While we were looking for the mushrooms, Lea showed us some wild thyme, which I plan on putting in the risotto.


We also saw wild savory and wild sage.

And then Lea had to head back.

On the way back, I pointed out some eryngo to Lea and showed her how to identify it at its young stage. It's mildly bitter with a slight carrot taste. I like it especially with tomatoes.


On my way home, and once I got home, I did a little more foraging. I picked henbit/dead nettle, a whole bunch of real nettle, milk thistle, pink sorrel, some of the wood sorrel, wild mustard, some type of mallow, sow thistle, wild fennel, and black nightshade to serve tomorrow.

The planned meal will be a salad with the pennywort, eryngo, deadnettle, milk thistle, sow thistle, wild mustard, wood sorrel, pink sorrel, and black nightshade berries, with an olive oil, sumac juice, and garlic dressing. I'll be serving that with thyme and savory wild mushroom risotto, along with some creamed nettle with coconut milk. I already served the fennel with pasta and meat tonight.

It was great fun to meet Lea and to learn foraging stuff from the "masters", as well as being able to teach the "masters" some stuff.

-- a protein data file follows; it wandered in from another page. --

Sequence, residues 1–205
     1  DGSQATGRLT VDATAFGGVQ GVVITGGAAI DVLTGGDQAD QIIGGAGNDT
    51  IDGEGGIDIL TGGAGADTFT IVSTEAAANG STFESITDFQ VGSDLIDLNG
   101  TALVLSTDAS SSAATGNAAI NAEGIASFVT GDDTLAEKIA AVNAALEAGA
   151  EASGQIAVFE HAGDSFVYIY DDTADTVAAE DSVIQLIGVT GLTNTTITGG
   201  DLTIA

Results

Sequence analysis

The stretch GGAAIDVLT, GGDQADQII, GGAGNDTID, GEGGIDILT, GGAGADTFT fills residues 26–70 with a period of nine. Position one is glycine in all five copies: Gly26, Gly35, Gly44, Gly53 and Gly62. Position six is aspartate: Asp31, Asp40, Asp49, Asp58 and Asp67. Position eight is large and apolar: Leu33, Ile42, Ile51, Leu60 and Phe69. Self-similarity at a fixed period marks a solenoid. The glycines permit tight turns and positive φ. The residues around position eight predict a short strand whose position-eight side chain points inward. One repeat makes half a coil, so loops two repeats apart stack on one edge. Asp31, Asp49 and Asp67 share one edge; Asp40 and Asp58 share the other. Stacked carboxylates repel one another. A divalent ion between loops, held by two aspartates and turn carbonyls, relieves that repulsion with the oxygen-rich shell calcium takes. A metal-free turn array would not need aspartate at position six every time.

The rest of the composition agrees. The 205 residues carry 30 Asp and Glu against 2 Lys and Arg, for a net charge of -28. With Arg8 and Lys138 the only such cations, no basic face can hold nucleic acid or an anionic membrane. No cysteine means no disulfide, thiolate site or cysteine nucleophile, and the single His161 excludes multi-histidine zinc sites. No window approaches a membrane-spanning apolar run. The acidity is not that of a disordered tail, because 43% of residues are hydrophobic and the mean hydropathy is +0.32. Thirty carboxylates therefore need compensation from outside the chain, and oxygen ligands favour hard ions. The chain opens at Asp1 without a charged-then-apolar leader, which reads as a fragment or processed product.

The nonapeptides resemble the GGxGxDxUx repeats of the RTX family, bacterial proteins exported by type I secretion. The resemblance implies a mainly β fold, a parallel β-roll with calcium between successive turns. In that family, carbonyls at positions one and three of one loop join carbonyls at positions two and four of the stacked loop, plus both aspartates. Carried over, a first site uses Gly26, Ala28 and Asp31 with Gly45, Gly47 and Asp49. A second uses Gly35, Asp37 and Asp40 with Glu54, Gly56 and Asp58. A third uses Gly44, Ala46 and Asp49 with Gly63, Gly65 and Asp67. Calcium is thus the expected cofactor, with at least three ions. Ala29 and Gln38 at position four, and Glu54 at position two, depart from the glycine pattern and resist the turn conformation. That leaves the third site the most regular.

I can't wait for my delicious meal tomorrow!

Have you ever foraged mushrooms? What type? Are you in competition with anyone?
Do you have a foraging buddy? What types of stuff do you forage together?
Have you ever foraged or seen any of the stuff on my list? Which is your favorite?

Penniless Parenting

Mommy, wife, writer, baker, chef, crafter, sewer, teacher, babysitter, cleaning lady, penny pincher, frugal gal


Thank you for leaving a comment on your blog. Comments are moderated- please be patient to allow time for them to go through. Opposing opinions are permitted, discussion and disagreements are encouraged, but nasty comments for the sole purpose of being nasty without constructive criticisms will be deleted.
Just a note- I take my privacy seriously, and comments giving away my location or religion are automatically deleted too.

  1. I go foraging with my parents for mushrooms as they've done so all their lives and are 66 and 70 now. However, I'm not comfortable doing it myself as I don't go with them often (they live in another state). I'd love to learn more about local foraging though. Is there a site that lists more information about foraging here in the US or any other resources you may know about? Thank you!

Previous Post Next Post